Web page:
Typically, assets are taxed at death. When those assets are taxed and passed on to the beneficiaries, they must be taxed again if they choose to leave those to their beneficiaries. For instance, Grandmother to children to grandchildren. Assets are taxed upon each passing. However, this can be omitted by using the GST exemption. This allows the grantor to pay the price to skip and avoid double taxation. Up to $12.06 million may be contributed as a gift before being taxed at 40%


Where the IDGT becomes defective is with the income taxes. Unlike other trusts that pay their own taxes based on a tax rate driven by the trust’s income, the grantor pays the taxes on an IDGT. While the grantor pays the taxes for the trust, it is based on the grantor’s tax rate, not the trust’s tax rate. This allows for a lower tax rate, for the grantor to benefit from any potential deductions, and for the assets to appreciate faster. While this makes it defective in the idea of a trust, it is intentional and benefits everyone.

Variations of the IDGT

There are different types of IDGT that can accommodate different needs. A pot trust, also called a spray or sprinkle) is a type of IDGT that is intended for numerous beneficiaries and allows the grantor to distribute assets at their discretion. There can also be a spendthrift trust which helps protect assets from the beneficiary whose judgment may have become clouded by substance abuse or improper influences. A SLAT (Spousal Lifetime Access Trust) is another type of IDGT that is specifically created to benefit the spouse upon the grantor’s passing without including it in the estate so that the remaining partner can still have access to the assets.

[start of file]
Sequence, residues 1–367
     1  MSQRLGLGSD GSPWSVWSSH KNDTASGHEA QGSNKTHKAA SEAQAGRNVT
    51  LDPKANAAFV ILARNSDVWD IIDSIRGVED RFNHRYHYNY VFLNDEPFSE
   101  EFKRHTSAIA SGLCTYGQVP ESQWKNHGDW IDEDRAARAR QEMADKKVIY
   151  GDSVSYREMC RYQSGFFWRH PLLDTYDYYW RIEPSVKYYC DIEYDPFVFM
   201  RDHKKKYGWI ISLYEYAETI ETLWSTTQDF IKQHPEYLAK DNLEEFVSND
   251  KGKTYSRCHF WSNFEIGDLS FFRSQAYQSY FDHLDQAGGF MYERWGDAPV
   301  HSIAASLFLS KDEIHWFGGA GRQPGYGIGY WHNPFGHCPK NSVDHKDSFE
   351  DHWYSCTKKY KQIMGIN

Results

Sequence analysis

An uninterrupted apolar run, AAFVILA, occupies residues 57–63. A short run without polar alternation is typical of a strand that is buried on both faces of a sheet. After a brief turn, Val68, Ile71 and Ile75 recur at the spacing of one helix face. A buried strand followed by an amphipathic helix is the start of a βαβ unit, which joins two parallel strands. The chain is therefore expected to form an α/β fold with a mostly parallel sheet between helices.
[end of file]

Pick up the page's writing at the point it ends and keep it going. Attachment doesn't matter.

Before creating an IDGT, the grantor needs to take aspects into consideration to ensure that the proper steps are taken to design the perfect trust. If the grantor needs access to the assets, an IDGT may not be appropriate. This kind of trust is not made to be revocable or easily accessible. Items not expected to appreciate, may not be meant for this trust either. With the IDGT, the appreciation of the assets benefits the grantor by reducing the estate by the amount of appreciation accumulated in the trust. Control over the trust’s assets can be of concern to the grantor as well, but, with an IDGT, significant control can be maintained. Under certain guidelines, the grantor may be able to hire/fire trustees or change provisions of the trust. Choosing the right trustee for the trust is another consideration to be thought of carefully, choosing the wrong person can lead to tax issues.


The intentionally defective grantor trust can hold many benefits for all involved. However, there are many tax types and considerations to contemplate before drafting your trust to maximize your benefits. Estate planning involves many factors making it essential to consult with your accountant. Consulting with Kislay Shah CPA can help ensure that you’re making the right choice. You can reach Shah at or call at 646-328-1326.